After watching this show, I can completely understand why people feel that way. It is truly an amazing fucking television show. I did not expect to love it nearly as much as I do. I didn't even think it was the kind of show you could love. But I love it, and it's awesome, and I don't think people know why they should watch it. I certainly didn't.
The Wire is what might happen if Law and Order and Oz made sweet love...and then let their baby grow up on the streets of Baltimore. In an attempt to be concise, one might say the show is about the drug trade in Baltimore, but it's about much, much more than that. But the drug trade in Baltimore is sort of what ties it all together. Because the show focuses on both the cops and the drug dealers, giving them equal weight, telling both their stories. What the show is really interested in, however, is institutions. And, more importantly, what's wrong with them. Each season has a different focus: the drug trade, the working class/unions, city government, education, and the media. As the show progresses, the scope expands. You get to see all these interconnected organizations and parallel bureuacracies and how they change and evolve and how they work against themselves. That probably sounds completely boring on paper, but it's actually both fascinating and infuriating to watch.
Because, see, the theme of the show is this: America is broken. This isn't just some fictional story about fictional people in a fictional town. A great deal of the stories and many of the characters are based on real-life events and real people. David Simon describes it as a "somewhat angry show." Hell, it made me angry, and that doesn't even happen. But sometimes it takes a powerful narrative to show you why things are going wrong and how they could be better. It opens your eyes and gives you a new perspective. But this is all hoity-toity bullshit: if you were really into social commentary, you'd already want to watch The Wire. The social commentary is just a bonus. What you care about is a show with great characters.
Let's start with our heroes: the cops. We've got Detective Jimmy McNulty, an idealist with little respect for authority but great murder police all the same. His partner, Bunk Moreland, is a lovable galoot who can't hold his liquor or keep from chasing women. Kima Greggs, narcotics, is a good detective but takes a little flack for being both a woman and a lesbian. Herc and Carver form a kind of white/black comic-relief duo in the beginning, but each character has a separate arc over the course of the series, and one of them has, for my money, the best arc in the series. Lester Freamon is essentially made of awesome, and he drips a little bit of awesome onto Prez to keep him from being a complete fuck-up. Lt. Daniels is a by-the-book kind of guy who is nonetheless a dedicated and skilled supervisor to his team. And let's throw in Ronnie Pearlman, assistant state's attorney, to handle all the legal mumbo-jumbo that you need for the titular wire. I haven't even mentioned Landsman, Rawls, and Burrell.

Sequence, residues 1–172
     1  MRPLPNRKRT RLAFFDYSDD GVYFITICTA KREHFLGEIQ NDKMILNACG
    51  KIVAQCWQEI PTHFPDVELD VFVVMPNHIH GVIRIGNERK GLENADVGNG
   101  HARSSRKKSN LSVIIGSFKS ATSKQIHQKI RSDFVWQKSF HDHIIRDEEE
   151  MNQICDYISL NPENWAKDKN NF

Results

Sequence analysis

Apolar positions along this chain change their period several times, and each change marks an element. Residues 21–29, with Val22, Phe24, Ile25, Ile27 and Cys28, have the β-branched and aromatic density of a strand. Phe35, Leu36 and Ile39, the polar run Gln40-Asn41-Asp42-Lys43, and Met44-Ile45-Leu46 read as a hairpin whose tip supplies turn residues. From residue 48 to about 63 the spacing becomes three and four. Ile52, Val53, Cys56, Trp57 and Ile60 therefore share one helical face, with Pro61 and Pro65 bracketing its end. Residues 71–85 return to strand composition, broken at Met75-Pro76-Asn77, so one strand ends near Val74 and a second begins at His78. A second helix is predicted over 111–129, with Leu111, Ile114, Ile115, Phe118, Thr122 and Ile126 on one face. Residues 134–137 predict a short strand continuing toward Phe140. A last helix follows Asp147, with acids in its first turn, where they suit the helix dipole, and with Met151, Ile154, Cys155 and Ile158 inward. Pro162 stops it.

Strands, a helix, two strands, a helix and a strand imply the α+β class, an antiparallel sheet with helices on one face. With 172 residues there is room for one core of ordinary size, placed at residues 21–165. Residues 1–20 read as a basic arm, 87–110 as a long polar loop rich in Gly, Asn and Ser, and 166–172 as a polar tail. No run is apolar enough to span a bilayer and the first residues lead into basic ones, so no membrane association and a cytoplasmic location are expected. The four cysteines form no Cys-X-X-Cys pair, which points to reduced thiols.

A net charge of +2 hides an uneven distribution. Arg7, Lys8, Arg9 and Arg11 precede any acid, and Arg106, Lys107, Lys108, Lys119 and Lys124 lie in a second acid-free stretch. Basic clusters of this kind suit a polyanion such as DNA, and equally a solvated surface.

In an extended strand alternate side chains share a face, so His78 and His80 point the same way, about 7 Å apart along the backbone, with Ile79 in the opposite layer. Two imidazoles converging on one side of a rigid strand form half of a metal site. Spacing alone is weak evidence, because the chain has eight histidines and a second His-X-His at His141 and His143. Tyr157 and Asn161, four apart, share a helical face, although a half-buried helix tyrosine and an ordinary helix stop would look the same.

And on the other side of the coin, we have the drug trade, run by one Avon Barksdale, a man our heroes don't even have a picture of. His lieutenant is the cold, calculating Stringer Bell. His muscle is Wee-Bey Brice, who has an amusing hobby. Our entryway into the drug trade, however, is the Pit, where the drugs actually get sold. D'Angelo, Avon's nephew, runs the Pit, but he's beginning to have a few doubts about his line of work. His compatriots are the confident Bodie, the sex-obsessed Poot, and the completely adorable Wallace. I haven't even mentioned Prop Joe, Levy, and a host of other characters introduced in later seasons.
Then there are the ones who are on nobody's side. Bubbles, a charming junkie who's also an informant for Kima, could be the moral center of the show despite his habit of stealing copper pipes. And Omar, a stick-up boy who robs drug dealers, could be the amoral center of the show despite his strong adherence to his own code.
Guys, these are just a few of the main characters. A season premiere can introduce as many as a dozen new characters. In five seasons and 60 episodes, The Wire has approximately 200 major and recurring characters. I am not even shitting you. And you'd better have impeccable facial recognition because the show expects you to know who someone is when you see them again. And on top of that, characters rarely address each other by name onscreen. I spent entire seasons not knowing some character's names.